Home » Articles » Titles » Bought A Car Without A Title? Here’s What You Need To Know
If you bought a car without a title, or you’re unsure if your vehicle has a title, it’s important to get this resolved immediately. In most states, like Texas, it is illegal to operate a motor vehicle without a certificate of title. Additionally, some vehicles that were repaired are not eligible for a title. Vehicles that have parts from a nonrepairable or floor damaged vehicle are not ever eligible for a title, even if the vehicle runs just fine. What is a vehicle title and why is it needed?
A vehicle title is a document produced by a government agency that assigned ownership of a motor vehicle. The certificate of title is only produced by a government agency and cannot be obtained from other sources. Obtaining a certificate of title in your name doesn’t just protect your vehicle, but it protects you from someone fraudulently applying for your vehicle’s title. If it’s your vehicle, your name should be on the title. When a vehicle is sold, the seller is responsible for signing over the title. If the seller cannot produce the title at the time of purchase, this should be a red flag. Sellers that are not willing to at least show you the physical title at the time of purchase may have something to hide about the vehicle. While this isn’t always the case, it’s possible that the seller is trying to sell you a vehicle that they know is ineligible for a title.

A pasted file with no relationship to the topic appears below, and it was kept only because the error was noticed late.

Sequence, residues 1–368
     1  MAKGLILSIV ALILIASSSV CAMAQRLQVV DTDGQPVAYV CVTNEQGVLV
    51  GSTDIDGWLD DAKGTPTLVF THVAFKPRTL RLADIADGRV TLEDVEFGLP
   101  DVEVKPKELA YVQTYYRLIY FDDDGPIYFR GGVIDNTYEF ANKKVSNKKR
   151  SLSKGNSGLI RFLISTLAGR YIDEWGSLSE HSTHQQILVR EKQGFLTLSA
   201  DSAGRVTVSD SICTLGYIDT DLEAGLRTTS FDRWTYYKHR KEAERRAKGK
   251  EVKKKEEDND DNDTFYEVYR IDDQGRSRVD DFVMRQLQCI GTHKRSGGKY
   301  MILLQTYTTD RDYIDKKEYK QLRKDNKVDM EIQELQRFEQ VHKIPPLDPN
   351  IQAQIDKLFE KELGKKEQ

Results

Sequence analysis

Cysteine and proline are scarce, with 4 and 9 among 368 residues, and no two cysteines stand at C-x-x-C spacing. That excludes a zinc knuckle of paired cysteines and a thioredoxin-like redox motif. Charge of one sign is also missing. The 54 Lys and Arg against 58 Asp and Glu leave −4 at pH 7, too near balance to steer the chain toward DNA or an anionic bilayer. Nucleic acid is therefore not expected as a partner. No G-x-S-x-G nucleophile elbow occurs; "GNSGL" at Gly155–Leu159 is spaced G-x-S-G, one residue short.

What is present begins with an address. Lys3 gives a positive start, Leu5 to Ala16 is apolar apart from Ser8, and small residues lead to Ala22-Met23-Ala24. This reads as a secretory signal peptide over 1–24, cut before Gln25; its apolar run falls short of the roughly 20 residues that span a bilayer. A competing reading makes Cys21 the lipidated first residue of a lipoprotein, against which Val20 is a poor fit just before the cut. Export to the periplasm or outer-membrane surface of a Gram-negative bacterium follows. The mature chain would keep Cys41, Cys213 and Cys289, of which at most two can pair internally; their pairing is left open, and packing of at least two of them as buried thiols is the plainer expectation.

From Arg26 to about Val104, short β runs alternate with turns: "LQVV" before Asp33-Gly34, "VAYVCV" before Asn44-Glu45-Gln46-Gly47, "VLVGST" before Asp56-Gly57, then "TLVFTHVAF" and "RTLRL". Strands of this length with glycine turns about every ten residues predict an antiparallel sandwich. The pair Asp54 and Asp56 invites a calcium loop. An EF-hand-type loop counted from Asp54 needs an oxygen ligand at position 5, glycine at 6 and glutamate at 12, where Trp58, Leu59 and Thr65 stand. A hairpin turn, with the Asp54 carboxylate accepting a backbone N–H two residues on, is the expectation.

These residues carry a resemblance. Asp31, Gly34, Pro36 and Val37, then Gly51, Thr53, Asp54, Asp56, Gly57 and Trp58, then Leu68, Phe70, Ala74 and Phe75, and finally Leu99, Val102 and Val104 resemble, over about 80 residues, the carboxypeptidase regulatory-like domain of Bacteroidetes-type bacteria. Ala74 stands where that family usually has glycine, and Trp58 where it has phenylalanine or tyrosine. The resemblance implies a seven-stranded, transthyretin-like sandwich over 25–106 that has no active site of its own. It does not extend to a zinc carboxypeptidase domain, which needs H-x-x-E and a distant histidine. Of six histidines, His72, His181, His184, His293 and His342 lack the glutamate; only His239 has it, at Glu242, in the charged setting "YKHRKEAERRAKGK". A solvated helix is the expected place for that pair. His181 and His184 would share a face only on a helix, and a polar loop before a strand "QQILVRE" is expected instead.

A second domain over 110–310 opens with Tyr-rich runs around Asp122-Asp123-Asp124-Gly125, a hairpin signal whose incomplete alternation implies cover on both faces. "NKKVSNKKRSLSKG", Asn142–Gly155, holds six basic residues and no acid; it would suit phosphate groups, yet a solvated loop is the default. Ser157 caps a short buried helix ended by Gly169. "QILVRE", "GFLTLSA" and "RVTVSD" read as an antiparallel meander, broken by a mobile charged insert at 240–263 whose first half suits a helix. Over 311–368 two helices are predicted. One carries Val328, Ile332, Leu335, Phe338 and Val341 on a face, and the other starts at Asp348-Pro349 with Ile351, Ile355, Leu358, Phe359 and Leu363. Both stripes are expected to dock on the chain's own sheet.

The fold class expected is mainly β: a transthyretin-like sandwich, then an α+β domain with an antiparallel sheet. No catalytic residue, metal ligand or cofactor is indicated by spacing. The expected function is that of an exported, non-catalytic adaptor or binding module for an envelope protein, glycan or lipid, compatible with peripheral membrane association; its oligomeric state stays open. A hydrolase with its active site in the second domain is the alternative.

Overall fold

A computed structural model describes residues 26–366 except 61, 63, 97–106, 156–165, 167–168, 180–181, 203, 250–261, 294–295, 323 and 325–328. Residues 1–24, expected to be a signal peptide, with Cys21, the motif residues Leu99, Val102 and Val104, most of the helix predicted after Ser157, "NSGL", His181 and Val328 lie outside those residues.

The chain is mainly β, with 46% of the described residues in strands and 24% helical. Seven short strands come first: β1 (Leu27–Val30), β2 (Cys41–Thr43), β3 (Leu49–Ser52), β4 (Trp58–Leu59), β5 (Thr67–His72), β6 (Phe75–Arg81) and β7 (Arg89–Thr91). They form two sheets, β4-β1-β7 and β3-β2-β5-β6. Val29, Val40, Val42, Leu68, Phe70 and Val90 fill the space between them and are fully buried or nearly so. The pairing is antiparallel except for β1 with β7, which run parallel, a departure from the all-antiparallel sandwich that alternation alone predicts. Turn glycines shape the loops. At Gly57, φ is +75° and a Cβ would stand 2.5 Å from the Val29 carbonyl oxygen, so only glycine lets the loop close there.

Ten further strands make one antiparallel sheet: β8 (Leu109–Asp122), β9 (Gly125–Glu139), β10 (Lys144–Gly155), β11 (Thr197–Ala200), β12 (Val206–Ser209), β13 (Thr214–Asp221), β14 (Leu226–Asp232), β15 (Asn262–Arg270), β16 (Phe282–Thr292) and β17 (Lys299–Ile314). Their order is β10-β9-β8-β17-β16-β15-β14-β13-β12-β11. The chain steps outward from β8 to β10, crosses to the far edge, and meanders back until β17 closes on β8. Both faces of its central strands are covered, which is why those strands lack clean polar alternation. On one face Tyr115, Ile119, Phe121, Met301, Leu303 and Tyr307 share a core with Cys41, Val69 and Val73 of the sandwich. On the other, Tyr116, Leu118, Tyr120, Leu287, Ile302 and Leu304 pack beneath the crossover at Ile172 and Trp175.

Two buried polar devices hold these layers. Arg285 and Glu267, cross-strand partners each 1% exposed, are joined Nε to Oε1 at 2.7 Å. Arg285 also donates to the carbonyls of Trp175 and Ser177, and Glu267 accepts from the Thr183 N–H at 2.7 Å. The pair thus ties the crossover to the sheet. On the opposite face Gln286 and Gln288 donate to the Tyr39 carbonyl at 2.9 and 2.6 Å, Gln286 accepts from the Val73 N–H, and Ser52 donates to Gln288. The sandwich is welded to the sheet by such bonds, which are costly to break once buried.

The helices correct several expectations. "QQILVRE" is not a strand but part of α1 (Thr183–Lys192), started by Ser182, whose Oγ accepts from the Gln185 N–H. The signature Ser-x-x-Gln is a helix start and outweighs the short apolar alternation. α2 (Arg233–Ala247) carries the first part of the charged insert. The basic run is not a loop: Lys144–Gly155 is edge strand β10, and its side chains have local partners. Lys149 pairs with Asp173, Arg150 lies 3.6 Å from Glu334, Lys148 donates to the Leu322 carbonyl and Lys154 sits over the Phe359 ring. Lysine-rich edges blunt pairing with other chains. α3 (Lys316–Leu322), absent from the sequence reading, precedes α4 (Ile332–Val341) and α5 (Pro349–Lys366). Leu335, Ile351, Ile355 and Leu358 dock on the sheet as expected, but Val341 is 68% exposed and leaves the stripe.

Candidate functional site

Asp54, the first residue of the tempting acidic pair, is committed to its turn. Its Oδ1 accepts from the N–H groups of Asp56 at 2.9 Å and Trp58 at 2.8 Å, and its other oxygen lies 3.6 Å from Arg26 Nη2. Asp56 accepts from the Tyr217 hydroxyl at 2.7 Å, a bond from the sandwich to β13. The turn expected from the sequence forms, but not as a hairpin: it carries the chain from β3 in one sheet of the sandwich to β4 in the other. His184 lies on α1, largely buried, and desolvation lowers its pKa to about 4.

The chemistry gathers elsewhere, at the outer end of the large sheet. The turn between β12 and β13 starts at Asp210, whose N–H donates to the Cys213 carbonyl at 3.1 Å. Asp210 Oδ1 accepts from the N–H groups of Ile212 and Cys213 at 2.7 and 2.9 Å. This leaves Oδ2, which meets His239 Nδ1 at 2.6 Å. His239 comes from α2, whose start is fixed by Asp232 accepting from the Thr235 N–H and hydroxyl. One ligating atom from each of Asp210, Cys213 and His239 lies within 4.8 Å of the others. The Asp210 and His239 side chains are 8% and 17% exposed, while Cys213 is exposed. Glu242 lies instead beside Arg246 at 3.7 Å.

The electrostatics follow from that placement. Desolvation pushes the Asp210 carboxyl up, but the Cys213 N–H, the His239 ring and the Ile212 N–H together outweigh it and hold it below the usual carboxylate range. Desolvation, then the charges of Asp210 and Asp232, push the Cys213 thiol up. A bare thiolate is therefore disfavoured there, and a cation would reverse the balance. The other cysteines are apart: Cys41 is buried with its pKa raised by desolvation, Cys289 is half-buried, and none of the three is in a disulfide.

Some vehicles are simply ineligible for a title. Vehicles that are ineligible for a title are those that have been recorded in the National Motor Vehicle Title Information System (NMVTIS) as junk, parts-only, or non-repairable. This doesn’t just include whole vehicles, but parts that are from a junk or non-repairable vehicle have serial numbers that are also found in the NMVTIS. Each state has slightly different rules that dictate which vehicles are eligible for a title, here are some common scenarios where your vehicle may be ineligible for a title:
If your vehicle doesn’t have a title, the first step is to check your VIN against the NMVTIS database. If your VIN is found in the database, your vehicle is ineligible for a title. Depending on your situation and the vehicle condition, you may be eligible to reassign a VIN to the vehicle after inspection. Websites like JunkTitles.com specialize in helping vehicle owners reassign a VIN to ineligible vehicles.
If your vehicle is not found in the NMVTIS database and all of the parts are eligible for a title, the first step would be to contact the seller for them to transfer the title to your name. If the prior owner is not located or willing, there are additional methods to obtain a legal title. Your vehicle will likely require an inspection by a government agency like the DMV or state police, but it’s not impossible to get a title in this situation. Depending on the paperwork you have for your vehicle already, you may be able to obtain a bonded title with a surety bond or use an out-of-state title method like the Vermont title loophole. When purchasing a vehicle, a best practice is to always get the title signed over at the time of purchase. Make sure to do your due diligence when purchasing a vehicle to avoid being left with a pile of metal and no vehicle title.
Don’t let uncertainty hold you back. If it’s your car, you deserve a title.
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